"It's a little different with us though, in terms of having that youthful exuberance, you're not going to find that here," Bryant said. "We've been on teams where nobody liked each other and we won three straight championships so, to me, that doesn't really mean much. I think our group here, we get along with each other just fine and we're all comedians to a certain extent, so we have a good time with each other."
The Lakers' camaraderie shows with rookie Andrew Goudelock, L.A.'s answer to Lin as an unheralded second-round draft pick who has had five double-digit scoring nights in the past 11 games. He's been dubbed the "Mini Mamba" by Bryant. World Peace calls him Allen Iverson. Barnes, Walton and Derek Fisher offer him encouragement. And it's good for everyone involved.
Basketball is a game, after all. Goudelock reminds his All-Star teammates what it was like to come into the league, back when they defined themselves simply as a basketball player and not as a brand. Lin reminds them of what it's like to be a fan, the very ones who fill the seats to watch them for the chance to see something special every night.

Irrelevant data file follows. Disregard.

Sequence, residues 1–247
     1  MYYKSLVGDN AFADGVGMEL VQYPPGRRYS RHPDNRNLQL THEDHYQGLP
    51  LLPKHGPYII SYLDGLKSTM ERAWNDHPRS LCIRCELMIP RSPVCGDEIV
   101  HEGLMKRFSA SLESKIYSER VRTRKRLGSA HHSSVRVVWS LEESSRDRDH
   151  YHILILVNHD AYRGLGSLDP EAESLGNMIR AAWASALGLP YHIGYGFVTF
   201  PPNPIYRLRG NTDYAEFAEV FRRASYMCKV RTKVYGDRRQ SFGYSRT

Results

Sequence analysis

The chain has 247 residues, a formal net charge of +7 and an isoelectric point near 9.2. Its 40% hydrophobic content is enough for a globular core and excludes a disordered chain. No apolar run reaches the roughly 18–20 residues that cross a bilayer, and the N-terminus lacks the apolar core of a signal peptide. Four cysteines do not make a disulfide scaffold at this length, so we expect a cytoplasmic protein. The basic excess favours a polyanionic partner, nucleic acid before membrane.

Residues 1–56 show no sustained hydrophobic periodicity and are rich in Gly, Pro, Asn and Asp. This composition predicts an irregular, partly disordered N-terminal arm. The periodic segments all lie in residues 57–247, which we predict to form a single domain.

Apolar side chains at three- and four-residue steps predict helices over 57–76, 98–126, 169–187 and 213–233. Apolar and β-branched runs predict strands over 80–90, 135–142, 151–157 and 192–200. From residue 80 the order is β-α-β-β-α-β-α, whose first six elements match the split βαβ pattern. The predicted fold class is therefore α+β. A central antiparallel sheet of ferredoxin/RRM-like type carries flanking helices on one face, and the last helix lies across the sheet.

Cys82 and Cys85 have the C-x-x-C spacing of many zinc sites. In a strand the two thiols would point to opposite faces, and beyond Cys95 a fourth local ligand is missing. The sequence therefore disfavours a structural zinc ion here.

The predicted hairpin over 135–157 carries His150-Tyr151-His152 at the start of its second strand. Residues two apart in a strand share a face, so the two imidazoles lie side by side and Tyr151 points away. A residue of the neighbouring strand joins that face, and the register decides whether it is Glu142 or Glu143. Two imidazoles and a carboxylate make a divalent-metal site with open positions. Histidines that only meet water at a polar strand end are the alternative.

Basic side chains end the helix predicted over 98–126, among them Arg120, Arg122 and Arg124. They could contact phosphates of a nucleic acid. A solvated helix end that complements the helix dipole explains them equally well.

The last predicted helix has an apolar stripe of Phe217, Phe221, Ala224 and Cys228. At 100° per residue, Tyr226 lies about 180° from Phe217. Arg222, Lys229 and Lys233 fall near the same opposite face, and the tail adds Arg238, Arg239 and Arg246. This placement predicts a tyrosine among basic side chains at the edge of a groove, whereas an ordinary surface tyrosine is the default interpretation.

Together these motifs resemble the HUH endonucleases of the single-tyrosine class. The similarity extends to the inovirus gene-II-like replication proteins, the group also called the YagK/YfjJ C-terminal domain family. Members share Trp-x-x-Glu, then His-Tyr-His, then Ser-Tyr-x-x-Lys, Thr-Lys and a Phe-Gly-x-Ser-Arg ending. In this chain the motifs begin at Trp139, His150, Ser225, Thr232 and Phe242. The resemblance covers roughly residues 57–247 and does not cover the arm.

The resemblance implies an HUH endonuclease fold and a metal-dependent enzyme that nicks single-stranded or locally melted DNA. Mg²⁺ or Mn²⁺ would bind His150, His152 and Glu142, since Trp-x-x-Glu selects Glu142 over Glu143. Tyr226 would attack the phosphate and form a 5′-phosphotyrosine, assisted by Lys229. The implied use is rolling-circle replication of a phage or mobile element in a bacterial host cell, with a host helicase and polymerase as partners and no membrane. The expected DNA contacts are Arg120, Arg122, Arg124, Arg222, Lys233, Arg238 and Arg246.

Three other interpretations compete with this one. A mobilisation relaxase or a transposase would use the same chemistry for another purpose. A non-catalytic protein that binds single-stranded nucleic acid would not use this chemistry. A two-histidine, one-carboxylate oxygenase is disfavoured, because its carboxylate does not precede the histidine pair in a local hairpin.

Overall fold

"You got to enjoy the journey or it's not going to be the same," Goudelock said. "Every step of the way you got to cherish it and you got to remember, these are things that a lot of people don't get to do and we have a perfect opportunity here. People expect nothing but the best from us, so on that journey we got to have fun. That's part of the game. That's why I've been playing the game for a long time. Now we get paid to do it and it's a lot different, this is our jobs, but before this we didn't have to do it."
The funny thing is, the more the Lakers act like fans every once in a while, the more fans they'll be sure to attract.
Dave McMenamin covers the Lakers for ESPNLosAngeles.com. Follow him on Twitter.